National Drug Strategy
National Drug Strategy

Public Submission by Australian Federation of AIDS Organisations - Draft National Tobacco Strategy 2010 - 2018

Print page  Decrease text size  Increase text size

Australian Federation of AIDS Organisations Logo

Australian Federation of AIDS Organisations Inc.
ABN 91 708 310 631

PO Box 1
Newtown NSW
2042 Australia

Tel: +61 2 9557-9399
Fax +61 2 9557-9867

Draft NTS 2012
Healthcare Management Advisors
PO Box 1311
Fitzroy North VIC 3068

By e-mail:

25 June 2012

The Australian Federation of AIDS Organisations (AFAO) is the national federation for the HIV community response. AFAO’s members are the AIDS Councils in each state and territory; the National Association of People Living with HIV/AIDS (NAPWA); the Australian Injecting & Illicit Drug Users League (AIVL); the Anwernekenhe Aboriginal and Torres Strait Islander HIV/AIDS Alliance (ANA); and Scarlet Alliance, Australian Sex Workers Association. AFAO advocates for its member organisations, promotes medical and social research into HIV and its effects, develops and formulates policy on HIV issues, and provides HIV policy advice to Commonwealth, state and territory governments.

The Australian Federation of AIDS Organisations (AFAO) welcomes the consultation on the National Tobacco Strategy 2012-2018 (the draft Strategy). Our feedback relates to the question: are the priority areas (and the supporting evidence) appropriate and sufficient?

According to the 2011 HIV, Viral Hepatitis & Sexually Transmissible Infections in Australia Annual Surveillance Report, by 31 December 2010 an estimated 21 391 people in Australia were living with HIV.1 Effective HIV treatments have meant that for most people, HIV has become a chronic disease, and long-term health complications have become increasingly relevant to increasing numbers of people living with HIV infection. The number of new HIV diagnoses has remained relatively stable at around 1000 every year over the past five years.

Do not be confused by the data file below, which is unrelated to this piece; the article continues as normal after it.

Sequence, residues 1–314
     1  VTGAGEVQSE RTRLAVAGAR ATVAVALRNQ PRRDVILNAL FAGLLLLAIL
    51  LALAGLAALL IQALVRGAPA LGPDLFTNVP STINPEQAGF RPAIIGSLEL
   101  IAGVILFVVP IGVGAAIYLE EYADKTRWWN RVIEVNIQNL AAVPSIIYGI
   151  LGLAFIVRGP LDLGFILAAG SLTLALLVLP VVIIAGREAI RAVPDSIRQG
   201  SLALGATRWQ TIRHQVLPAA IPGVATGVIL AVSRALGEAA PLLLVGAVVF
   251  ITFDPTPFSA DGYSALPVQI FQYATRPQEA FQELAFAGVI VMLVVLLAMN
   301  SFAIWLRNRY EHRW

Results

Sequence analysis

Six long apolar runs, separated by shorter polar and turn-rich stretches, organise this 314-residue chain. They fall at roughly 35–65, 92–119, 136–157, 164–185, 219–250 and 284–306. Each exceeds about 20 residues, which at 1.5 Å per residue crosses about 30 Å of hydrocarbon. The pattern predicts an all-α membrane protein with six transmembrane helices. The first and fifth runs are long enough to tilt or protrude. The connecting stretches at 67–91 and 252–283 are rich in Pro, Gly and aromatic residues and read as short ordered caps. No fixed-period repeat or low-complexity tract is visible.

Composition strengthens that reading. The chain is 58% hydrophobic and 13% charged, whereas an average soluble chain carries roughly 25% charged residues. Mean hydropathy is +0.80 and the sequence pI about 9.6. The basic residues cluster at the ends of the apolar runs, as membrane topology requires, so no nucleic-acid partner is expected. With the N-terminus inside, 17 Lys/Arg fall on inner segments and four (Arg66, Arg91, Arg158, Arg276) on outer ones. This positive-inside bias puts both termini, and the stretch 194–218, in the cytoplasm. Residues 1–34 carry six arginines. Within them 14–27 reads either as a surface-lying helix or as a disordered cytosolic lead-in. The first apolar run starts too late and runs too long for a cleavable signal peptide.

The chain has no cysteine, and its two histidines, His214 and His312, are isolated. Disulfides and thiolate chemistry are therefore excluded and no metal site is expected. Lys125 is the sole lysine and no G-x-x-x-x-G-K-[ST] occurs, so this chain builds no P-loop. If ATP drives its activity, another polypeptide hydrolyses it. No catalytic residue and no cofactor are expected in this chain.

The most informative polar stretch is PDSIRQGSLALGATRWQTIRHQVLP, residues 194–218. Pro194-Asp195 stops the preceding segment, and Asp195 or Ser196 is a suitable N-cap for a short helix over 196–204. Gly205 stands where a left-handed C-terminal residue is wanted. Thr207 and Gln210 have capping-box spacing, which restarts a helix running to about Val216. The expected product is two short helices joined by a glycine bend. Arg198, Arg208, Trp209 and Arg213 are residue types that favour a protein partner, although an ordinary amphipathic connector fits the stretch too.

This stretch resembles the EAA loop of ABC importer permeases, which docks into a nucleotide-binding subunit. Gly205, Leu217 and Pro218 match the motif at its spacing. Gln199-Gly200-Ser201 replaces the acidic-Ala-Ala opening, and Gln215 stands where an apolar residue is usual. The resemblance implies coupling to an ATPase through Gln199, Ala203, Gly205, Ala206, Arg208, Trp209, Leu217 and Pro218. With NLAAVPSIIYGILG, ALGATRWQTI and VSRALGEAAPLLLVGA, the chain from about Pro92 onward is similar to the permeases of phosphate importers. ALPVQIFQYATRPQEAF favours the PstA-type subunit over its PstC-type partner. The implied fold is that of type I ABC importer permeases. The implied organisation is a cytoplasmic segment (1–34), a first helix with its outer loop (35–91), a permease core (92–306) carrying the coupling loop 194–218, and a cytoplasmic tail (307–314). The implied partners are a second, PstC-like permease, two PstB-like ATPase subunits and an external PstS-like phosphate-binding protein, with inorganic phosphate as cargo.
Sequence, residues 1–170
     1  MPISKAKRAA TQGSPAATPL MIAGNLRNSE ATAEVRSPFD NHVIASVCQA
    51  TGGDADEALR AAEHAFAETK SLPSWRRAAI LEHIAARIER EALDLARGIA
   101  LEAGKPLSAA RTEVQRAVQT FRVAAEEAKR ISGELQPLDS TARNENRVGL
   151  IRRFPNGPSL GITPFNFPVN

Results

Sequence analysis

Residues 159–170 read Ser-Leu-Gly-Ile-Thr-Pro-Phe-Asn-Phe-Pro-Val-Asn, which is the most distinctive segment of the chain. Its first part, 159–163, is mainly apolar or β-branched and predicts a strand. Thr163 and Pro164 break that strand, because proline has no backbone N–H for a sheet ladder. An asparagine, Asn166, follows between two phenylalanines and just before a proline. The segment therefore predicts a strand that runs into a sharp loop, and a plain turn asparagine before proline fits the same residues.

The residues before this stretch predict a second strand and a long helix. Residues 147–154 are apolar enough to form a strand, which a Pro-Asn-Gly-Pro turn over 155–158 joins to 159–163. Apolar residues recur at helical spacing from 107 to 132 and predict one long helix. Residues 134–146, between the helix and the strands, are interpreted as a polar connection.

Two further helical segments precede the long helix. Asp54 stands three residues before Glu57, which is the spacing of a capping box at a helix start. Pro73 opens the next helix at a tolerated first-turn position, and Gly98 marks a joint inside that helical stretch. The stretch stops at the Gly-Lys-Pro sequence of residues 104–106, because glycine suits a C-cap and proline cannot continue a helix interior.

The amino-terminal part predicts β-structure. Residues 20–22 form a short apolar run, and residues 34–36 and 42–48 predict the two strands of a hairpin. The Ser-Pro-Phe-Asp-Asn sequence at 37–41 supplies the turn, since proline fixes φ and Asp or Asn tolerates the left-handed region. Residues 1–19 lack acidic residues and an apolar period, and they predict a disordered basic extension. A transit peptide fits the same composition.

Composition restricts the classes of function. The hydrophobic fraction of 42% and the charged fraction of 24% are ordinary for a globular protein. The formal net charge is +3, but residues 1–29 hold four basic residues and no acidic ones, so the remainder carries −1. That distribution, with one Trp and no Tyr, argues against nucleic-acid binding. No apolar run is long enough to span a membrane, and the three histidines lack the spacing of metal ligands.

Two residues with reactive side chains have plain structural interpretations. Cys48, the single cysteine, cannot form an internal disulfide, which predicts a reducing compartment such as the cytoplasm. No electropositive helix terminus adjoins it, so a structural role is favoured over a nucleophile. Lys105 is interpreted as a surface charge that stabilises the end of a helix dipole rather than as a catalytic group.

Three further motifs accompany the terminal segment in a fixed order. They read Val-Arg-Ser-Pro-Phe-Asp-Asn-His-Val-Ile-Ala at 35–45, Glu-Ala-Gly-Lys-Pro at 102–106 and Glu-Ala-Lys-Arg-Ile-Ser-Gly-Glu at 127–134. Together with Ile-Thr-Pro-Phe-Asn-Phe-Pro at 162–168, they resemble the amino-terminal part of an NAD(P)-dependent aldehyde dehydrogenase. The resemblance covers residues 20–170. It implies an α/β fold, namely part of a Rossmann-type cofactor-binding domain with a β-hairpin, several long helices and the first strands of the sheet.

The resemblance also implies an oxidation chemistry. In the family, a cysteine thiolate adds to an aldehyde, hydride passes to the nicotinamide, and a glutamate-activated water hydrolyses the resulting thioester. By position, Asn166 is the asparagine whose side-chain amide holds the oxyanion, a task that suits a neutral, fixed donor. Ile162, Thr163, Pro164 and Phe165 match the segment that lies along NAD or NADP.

The experience of living with HIV is a social determinant of health that can have a profound effect on many aspects of the life of an HIV-positive person, including risks associated with smoking. Data from the HIV Futures 62 study of Australians living with HIV showed that about half of respondents smoked (42.3%) - representing more than twice the rate of the general Australian population. This figure is concerning as many of the conditions associated with smoking are much more likely to occur in people who are HIV-positive whether or not they smoke, and smoking further weakens overall immune response. A recent US study found smoking cessation in symptomatic HIV-positive people can significantly improve a person’s HIV-related symptom burden within three months of cessation. Notably, HIV Futures 63 revealed that 28% of respondents had reduced or ceased smoking as a means to improve their health.

Recognition of the importance of social determinants of health is fundamental to the draft Tobacco Strategy and it includes a comprehensive list of priority populations and actions. Missing, however, is any reference to the fact that there is limited but persuasive Australian research on the intersection of sexuality and gender identity with the disproportionately high incidence of smoking, obesity and excessive alcohol consumption among LGBTI people and among HIV-positive people.